Most services provided by the government operate inefficiently. Whether it is trash collection, property assessment, or prison operations, the private sector can do the same thing better and for less money. Privately run prisons operate efficiently enough to put some resources toward rehabilitation. Government run facilities do not adequately provide security or basic care.
There is no issue in general with for profit prisons, the problem comes in when states don't regulate them properly. In some ways, it is much cheaper to use private businesses to run prisons, as long as there is no financial interest in keeping people in prison longer. As long as the state regulates those things, it is fine for them to be for profit.
Detention facilities should not be for profit organizations. This has been shown to be inefficient, which is why the federal government will no longer outsource prisons. Outsourcing also leads to a loss of control. This has been shown to have adverse effects on the prisoners, including incentives to lock people up and human rights violations.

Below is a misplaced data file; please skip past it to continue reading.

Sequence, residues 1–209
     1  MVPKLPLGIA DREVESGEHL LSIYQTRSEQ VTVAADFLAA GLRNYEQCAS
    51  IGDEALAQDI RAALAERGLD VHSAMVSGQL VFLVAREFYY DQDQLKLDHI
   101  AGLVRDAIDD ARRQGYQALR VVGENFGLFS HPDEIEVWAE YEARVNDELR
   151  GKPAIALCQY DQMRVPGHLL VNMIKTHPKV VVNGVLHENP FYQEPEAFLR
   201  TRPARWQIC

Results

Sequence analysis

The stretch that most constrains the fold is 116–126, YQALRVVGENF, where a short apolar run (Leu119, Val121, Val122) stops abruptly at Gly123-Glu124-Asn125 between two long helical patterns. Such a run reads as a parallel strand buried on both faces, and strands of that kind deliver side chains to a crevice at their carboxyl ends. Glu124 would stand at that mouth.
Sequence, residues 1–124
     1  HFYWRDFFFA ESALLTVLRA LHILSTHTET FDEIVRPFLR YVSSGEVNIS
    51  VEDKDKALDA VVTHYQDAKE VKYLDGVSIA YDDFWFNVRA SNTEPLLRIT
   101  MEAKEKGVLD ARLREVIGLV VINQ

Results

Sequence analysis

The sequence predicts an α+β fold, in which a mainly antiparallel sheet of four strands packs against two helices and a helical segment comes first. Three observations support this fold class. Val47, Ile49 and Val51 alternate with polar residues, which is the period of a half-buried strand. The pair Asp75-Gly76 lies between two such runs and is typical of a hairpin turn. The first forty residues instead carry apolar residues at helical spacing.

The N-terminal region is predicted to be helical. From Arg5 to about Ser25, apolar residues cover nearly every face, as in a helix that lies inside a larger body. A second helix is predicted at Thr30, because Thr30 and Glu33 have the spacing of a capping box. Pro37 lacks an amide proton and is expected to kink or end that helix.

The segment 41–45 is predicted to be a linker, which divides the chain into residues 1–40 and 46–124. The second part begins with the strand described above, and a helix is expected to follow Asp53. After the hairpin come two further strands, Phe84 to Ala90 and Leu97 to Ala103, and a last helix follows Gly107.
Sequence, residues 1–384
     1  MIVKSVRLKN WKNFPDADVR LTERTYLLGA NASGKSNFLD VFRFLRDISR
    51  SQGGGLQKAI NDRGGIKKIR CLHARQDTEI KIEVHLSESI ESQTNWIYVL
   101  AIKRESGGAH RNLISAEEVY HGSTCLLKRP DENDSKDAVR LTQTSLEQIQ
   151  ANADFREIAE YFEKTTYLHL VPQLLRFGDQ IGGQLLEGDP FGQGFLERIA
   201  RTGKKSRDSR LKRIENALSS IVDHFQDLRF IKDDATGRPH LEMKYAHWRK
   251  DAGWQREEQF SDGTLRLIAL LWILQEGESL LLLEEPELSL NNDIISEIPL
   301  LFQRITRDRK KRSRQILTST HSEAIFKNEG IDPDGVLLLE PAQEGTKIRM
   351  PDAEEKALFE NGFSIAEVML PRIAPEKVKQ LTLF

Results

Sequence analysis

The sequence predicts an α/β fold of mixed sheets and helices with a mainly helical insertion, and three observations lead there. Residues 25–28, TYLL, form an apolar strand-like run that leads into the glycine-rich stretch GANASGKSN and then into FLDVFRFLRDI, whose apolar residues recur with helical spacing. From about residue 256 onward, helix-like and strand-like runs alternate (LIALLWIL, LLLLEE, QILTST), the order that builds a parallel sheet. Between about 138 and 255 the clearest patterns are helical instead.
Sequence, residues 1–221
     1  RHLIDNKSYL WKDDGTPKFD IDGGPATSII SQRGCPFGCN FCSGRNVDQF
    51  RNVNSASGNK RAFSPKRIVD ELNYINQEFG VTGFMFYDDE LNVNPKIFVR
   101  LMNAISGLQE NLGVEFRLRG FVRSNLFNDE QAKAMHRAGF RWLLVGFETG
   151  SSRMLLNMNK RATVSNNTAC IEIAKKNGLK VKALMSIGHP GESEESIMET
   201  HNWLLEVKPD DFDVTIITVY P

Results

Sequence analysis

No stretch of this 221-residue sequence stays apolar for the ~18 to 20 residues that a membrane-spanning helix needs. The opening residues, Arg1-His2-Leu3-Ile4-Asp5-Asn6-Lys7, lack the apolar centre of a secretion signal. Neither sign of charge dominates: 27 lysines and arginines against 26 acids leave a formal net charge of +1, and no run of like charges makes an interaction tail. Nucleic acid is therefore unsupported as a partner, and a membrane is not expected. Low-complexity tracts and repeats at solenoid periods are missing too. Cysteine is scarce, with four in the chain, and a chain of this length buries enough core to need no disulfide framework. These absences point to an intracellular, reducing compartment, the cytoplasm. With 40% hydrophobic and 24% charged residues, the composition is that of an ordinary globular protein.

Detention facilities ostensibly provide a public service: keeping convicted criminals housed and fed and out of the general population. However, if a detention facility is a for-profit organization, the public service provided may be secondary to the financial bottom line. Expenses may be cut in order to bolster revenue, which could result in facilities providing substandard care. Worse, an incentive may even exist to incarcerate more people.